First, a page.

The 3 elements that need to happen before lockdown restrictions in Australia can be lifted.


Over the Easter long weekend, millions of Australians cancelled their usual plans to stay home and stop the spread of coronavirus.

As a result of our hard work over the past days and weeks, among other factors, it would appear we are succeeding in ‘flattening the curve’. The growth of coronavirus cases is slowing – there were only 33 new cases of the virus reported overnight – and on paper, 61 Australian lives tragically lost to the virus is a small number in comparison to international death tolls in the thousands.


WATCH: Minister for Health Greg Hunt explains the three elements Australia needs to see before we can relax restrictions below. Post continues after video.

Video via Seven

Amid the daily, even hourly, news updates we receive about COVID-19, it’s natural to cling onto the small pieces of positive news that feel like flickers of light at the end of this horrible tunnel. But as politicians and experts have made very clear, it’s still far too soon to return to some normality in everyday life.

At the time of publishing, Australia’s Chief Medical Officer Brendan Murphy says we’re “in a good place”, but not good enough to relax the social distancing restrictions we’ve come to accept as our new normal.

“The thing that worries us most at the moment is complacency. We are in a good place… but we have to maintain that good place,” he told ABC radio on Monday.

“That is why we have to keep our pressure on and make sure that we don’t end up like countries in the world that you have all seen on the news. Every single community transmission that’s undetected can infect a lot of people, and that’s why it is so important that we do maintain measures for the time being.”


Further to that, Minister for Health Greg Hunt told reporters at a press conference on Monday afternoon the Government is “actively planning” a strategy for when we can relax lockdown restrictions.

“It’s too soon to make changes. We want to work towards an effective eradication of the virus. At the same time, we have also been planning a road out,” he said.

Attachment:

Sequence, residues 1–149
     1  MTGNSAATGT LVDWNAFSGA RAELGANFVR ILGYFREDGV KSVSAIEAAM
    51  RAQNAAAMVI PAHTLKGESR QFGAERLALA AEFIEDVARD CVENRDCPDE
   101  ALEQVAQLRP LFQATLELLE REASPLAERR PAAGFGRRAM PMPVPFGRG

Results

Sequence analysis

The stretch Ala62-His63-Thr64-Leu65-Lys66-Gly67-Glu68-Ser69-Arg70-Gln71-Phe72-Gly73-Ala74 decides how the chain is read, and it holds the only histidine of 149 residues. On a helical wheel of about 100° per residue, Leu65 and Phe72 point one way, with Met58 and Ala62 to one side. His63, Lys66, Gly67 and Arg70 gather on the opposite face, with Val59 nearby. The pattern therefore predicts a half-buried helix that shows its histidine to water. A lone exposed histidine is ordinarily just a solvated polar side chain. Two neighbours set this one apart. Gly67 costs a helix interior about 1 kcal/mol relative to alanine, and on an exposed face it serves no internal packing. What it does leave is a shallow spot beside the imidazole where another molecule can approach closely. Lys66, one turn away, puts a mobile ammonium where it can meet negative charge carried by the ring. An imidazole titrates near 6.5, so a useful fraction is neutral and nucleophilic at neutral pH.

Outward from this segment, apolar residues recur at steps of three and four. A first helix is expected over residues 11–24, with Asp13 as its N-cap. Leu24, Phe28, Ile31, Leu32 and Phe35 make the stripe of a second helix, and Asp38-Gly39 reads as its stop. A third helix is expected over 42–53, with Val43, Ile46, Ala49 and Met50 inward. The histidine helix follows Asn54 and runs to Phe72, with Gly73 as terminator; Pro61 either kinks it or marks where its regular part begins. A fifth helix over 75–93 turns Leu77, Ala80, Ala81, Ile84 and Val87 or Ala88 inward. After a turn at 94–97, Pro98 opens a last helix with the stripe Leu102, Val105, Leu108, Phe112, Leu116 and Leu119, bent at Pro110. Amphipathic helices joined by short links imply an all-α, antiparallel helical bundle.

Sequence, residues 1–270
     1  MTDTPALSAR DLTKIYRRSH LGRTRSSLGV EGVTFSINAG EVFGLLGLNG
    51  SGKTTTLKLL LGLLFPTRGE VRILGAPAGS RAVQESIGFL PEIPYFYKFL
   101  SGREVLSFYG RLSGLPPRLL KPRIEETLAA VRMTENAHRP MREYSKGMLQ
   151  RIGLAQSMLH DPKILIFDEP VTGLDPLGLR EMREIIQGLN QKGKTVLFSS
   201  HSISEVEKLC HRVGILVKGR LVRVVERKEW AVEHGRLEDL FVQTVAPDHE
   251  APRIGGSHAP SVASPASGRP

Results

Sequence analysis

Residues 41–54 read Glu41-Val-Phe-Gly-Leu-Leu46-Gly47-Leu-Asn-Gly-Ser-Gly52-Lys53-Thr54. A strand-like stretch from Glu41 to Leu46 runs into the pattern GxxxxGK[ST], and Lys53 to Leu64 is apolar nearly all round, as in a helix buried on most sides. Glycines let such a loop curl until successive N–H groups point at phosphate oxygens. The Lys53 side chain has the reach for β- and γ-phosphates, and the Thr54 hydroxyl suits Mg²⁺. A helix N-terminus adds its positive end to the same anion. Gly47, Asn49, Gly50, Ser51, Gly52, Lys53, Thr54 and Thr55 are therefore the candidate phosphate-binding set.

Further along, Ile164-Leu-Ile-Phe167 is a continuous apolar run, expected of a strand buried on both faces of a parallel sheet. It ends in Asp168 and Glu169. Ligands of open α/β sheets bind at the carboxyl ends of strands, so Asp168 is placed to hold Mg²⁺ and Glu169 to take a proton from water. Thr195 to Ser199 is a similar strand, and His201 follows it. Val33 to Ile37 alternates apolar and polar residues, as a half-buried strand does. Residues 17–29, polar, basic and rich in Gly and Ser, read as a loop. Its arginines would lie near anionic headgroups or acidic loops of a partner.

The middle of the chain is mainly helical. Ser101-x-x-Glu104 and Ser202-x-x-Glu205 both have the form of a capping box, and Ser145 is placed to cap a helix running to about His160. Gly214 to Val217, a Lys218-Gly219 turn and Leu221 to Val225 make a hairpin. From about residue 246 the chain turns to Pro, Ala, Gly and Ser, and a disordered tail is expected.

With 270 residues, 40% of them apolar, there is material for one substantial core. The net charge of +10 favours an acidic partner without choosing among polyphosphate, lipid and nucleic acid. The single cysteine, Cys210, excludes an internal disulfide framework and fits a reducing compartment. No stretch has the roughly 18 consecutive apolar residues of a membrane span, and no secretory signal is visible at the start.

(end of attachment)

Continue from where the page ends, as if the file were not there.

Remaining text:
“Now, we have come from the road in, which has been the rapid escalation of measures… we’re currently on the road through and now is the time to consolidate for the next period.”

Hunt went on to outline the three key elements we need to tick off before the Government can pull Australia out of lockdown.

They are: clear data that shows all our COVID-19 numbers are dropping, the capability to respond rapidly to new cases, and a gradual plan to relax restrictions.

“One is clear indication that we are suppressing the case numbers in Australia – it could be case numbers, the re-transmission rate, that’s all being developed into an assessment protocol,” he said.

“Two is ensuring we have rapid response capability – testing, tracing. Thirdly, once those things are achieved, is planning the steps out, which will always be gradual.”


Hunt said Prime Minister Scott Morrison is “deeply engaged” with planning what those gradual steps out of lockdown will look like. One example is bans on international travel, which Federal Tourism Minister Simon Birmingham warned might not be lifted until 2021.

“This is a time where, unfortunately, people can’t undertake holidays and they won’t be able to go overseas for some time to come,” he told ABC News Breakfast on Monday morning.

“There may be a slightly earlier point in time where it becomes feasible to think about domestic travel again. We’re not there yet but certainly this time is a good time for a bit of dreaming, planning, thinking about the Aussie break that you might take when we finally get to the other side of this.”

You can read more about Australia’s coronavirus situation below:

To protect yourself and the community from COVID-19, remain in your home unless strictly necessary, keep at least 1.5 metres away from other people, regularly wash your hands and avoid touching your face. If you are sick and believe you have symptoms of COVID-19, call your GP ahead of time to book an appointment. Or call the national Coronavirus Health Information Line for advice on 1800 020 080. If you are experiencing a medical emergency, call 000. To keep up to date with the latest information, please visit the Department of Health website.

Feature image: Getty.